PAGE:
My first-cousin-once-removed-in-law went farther back, too, all the way back to Mojżesz Ellenberg, who was born sometime in the middle of the 18th century.  The Hapsburg Empire required Jews to adopt surnames only in 1787; so Mojżesz could very well have been the first Ellenberg.  You may be thinking he’s Owadia’s father’s father’s father, but no — Ellenberg was Owadia’s mother’s name.  I was puzzled by this but actually it was common.  What it meant is that Mordko Kasirer, Owadia’s father, didn’t want to pay the fee for a civil marriage — why should he, when he was already married to Rivka Ellenberg in the synagogue?  But if you weren’t legally married, your children weren’t allowed to take their father’s surname.  So be it.  Mordko wasn’t gonna get ripped off by the system.  Definitely my relative.

Update:  Cousin Phyllis Rosner sends me my grandfather’s birth record.  At birth in Poland he’s Izrael Juda Ellenberg.  This still doesn’t answer what his legal name in the US was, but it explains the passport!

1904-izrael-juda-ellenberg-birth

 

 

 

 

 

 

 

 

 

 

 

 

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Marilyn Sachs, Amy and Laura, how to date a Communist

While I was in Seattle for the Joint Meeting, I stopped in to see my cousin Marilyn Sachs, the children’s author, who’s now 88.  She signed a copy of CJ’s favorite book of hers, Amy and Laura.  I re-read it on the plane and it made me cry just like it did when I was a kid.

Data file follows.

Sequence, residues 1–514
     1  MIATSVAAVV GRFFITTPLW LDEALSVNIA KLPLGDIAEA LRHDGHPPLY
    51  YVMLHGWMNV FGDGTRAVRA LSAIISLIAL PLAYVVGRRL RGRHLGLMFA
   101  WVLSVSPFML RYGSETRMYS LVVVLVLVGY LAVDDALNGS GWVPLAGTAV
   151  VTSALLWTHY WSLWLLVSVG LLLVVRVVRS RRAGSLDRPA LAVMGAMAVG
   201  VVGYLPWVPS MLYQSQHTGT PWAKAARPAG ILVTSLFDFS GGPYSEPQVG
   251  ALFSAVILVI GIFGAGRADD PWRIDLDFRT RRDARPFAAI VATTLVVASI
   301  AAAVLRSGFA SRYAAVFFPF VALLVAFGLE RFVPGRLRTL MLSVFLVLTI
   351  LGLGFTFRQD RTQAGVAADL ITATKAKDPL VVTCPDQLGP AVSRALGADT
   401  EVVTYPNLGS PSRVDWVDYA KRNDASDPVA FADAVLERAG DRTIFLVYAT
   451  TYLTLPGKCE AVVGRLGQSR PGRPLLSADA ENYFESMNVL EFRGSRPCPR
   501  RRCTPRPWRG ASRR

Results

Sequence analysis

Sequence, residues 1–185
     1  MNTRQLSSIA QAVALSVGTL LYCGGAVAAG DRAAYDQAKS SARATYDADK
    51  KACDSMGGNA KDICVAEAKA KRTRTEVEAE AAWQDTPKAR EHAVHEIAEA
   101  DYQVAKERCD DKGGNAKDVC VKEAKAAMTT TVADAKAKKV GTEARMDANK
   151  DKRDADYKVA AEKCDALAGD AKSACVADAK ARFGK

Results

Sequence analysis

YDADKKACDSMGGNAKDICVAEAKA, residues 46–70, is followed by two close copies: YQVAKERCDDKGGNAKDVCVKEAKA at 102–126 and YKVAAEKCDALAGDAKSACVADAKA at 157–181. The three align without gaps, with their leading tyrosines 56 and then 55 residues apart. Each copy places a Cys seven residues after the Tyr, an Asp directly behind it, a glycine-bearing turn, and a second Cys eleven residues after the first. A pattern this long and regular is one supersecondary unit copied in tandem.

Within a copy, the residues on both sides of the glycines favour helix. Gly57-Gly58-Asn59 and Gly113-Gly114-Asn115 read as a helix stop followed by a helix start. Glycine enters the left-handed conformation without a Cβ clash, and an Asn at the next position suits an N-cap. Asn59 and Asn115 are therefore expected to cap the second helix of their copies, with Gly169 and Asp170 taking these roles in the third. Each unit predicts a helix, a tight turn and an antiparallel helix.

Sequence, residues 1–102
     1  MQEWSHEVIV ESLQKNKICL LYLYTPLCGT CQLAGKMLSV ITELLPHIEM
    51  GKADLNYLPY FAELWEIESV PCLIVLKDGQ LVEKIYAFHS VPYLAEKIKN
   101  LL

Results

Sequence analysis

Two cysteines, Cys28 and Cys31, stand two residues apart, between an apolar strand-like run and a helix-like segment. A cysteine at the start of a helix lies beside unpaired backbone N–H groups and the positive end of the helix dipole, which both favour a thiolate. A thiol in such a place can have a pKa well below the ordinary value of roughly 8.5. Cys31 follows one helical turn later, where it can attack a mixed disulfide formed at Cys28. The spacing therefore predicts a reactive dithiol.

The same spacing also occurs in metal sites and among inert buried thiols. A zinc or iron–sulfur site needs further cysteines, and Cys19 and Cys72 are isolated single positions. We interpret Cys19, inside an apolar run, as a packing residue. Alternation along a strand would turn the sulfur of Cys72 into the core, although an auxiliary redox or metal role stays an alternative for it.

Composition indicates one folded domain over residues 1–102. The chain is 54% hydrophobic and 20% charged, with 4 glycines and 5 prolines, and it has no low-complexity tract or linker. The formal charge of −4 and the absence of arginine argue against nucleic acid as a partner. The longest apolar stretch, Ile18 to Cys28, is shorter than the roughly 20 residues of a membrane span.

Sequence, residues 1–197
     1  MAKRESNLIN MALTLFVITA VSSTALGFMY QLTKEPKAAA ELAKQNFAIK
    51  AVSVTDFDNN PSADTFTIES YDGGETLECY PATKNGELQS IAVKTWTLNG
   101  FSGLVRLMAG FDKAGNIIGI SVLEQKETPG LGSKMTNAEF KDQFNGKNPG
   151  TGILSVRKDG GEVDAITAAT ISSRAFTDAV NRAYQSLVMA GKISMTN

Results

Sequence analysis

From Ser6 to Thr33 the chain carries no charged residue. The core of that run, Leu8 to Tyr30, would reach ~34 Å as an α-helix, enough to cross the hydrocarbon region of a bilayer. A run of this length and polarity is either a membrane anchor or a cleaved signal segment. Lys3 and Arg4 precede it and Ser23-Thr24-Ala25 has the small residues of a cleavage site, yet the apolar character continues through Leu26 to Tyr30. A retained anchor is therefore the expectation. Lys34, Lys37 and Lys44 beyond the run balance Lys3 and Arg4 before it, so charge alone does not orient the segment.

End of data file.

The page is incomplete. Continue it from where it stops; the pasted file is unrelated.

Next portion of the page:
We talked about writing and the past.  She and her husband, Morris, started dating in 1946, in Brooklyn.  Morris had recently returned from the war in the Pacific and was a Communist.  He thought movies were too expensive, so on their dates they went block to block ringing doorbells, trying to get signatures on a petition demanding that the Dodgers bring up Jackie Robinson from their minor-league affiliate in Montreal.  Now that is how you date, young people.

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“Losers often grow up to be writers”

My first cousin once removed Marilyn Sachs, on writing:

One final word of encouragement to those of you who are cowardly, cry babies, and liars, as I was. These are extremely promising qualities for future writers. If you are a coward, you will probably spend more time at the library than you would ordinarily, and if you tell lies, it just shows that you have an imagination even if others don’t always appreciate it. Cry babies tend to be sensitive, which is also a plus for writers. When I grew up, I found that I had become a great expert on bullies, and my books are full of them.

So, don’t feel you have to be smart, beautiful, brave and popular to become a writer. Or even to be a good speller. Losers often grow up to be writers, which means we have the final word.

Her books are mostly for kids.  Have you read them, parents?  Some of the classics:  Laura’s Luck (1965), my favorite alienated-kids-at-summer-camp book.  The Fat Girl (1984), a truly creepy YA novel about brutal psychosexual guerilla war in high school.  The Bear’s House (1972).  I remember almost nothing about this but just hearing the title makes me choke up so I know it was really sad.

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Letter from my great-grandfather

Last summer when I was at my Grandma Sylvia’s house in Tucson I copied out a handwritten letter her father, Jack Sussman, had written to her and her husband.  Here it is, for safekeeping.  Misspellings from the original.  My grandfather (also named Jack) had asthma, which is why they had moved to Tucson while my great-grandparents stayed in the Bronx.